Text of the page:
A seahorse clings onto a colonial tunicate, which in turn has grown around a seagrass stem in the shallows of Mar Menor coastal lagoon. This is how life thrives; in layers.
Like masterpieces of painting, tones are carefully shaped by overlaying layers of primary colours in a way that an image becomes truth from the immaterial reality on a painter’s mind.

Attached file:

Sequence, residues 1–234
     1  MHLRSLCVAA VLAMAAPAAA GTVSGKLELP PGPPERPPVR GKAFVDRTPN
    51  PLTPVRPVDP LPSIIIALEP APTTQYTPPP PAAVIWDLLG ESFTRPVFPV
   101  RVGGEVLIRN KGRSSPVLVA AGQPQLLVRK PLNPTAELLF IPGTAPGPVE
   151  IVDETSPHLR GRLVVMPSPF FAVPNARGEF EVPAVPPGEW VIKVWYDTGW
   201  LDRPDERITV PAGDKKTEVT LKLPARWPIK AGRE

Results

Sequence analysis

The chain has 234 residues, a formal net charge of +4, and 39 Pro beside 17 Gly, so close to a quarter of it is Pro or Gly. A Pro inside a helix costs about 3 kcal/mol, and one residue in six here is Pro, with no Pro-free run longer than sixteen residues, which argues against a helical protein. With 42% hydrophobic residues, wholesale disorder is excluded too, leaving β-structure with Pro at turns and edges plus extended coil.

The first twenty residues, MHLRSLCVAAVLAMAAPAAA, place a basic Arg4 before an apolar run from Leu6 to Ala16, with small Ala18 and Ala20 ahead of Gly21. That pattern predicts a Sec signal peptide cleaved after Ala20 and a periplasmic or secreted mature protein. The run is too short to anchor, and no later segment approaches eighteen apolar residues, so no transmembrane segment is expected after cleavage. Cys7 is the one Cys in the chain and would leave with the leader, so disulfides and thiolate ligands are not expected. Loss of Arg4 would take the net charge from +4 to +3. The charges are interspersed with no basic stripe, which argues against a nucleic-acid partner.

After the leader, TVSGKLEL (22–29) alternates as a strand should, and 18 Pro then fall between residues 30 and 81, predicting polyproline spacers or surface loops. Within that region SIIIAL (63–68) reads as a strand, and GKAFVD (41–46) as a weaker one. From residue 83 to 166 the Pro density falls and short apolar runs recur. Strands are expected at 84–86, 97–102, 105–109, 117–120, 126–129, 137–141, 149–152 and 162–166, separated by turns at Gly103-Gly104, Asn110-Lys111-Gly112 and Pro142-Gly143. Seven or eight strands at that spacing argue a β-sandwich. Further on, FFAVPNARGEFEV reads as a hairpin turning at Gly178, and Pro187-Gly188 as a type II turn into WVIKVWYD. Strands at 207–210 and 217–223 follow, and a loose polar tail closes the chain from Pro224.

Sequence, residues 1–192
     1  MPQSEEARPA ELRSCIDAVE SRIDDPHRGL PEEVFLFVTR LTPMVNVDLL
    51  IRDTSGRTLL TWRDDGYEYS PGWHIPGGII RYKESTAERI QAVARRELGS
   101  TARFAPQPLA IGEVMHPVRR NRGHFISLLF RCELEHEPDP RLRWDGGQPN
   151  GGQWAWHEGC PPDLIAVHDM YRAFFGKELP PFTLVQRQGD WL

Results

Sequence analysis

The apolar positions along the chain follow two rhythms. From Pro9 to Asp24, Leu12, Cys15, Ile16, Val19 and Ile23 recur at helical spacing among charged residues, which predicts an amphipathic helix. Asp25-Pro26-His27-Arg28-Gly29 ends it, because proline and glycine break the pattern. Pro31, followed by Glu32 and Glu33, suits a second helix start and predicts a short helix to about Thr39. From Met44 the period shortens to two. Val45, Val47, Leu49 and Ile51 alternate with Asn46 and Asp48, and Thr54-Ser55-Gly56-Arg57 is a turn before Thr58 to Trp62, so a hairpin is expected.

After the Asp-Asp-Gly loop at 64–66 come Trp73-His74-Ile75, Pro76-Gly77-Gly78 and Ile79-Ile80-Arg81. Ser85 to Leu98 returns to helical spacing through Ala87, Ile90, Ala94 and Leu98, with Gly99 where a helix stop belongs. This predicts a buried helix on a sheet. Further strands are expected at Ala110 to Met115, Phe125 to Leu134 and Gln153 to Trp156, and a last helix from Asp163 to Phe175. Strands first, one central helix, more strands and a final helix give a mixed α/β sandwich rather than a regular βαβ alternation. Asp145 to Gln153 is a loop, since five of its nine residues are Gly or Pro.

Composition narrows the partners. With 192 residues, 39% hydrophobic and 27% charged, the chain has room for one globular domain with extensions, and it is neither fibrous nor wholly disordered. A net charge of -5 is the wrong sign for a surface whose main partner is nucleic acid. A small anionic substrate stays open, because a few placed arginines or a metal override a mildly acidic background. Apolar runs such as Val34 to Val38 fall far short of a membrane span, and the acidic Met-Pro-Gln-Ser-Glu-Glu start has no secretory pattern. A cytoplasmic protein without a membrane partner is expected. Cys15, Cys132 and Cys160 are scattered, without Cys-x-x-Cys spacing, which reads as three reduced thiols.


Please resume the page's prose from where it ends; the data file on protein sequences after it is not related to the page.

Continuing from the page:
But Nature is a slow painter. Most of the times its artwork takes millennia to develop, and the result is only a still image of a work in progress endlessly.
Richest and most complex ecosystems on Earth are in fact the most aged, so their recovery in case of loss, if feasible, measures in time lapses that are out of our fleeting human understanding.
In 2016, a massive algae bloom product of a few decades of abuses, wiped out almost all life in the lagoon that had been slowly maturing since time of the Romans.
Andy Raynor Dover NH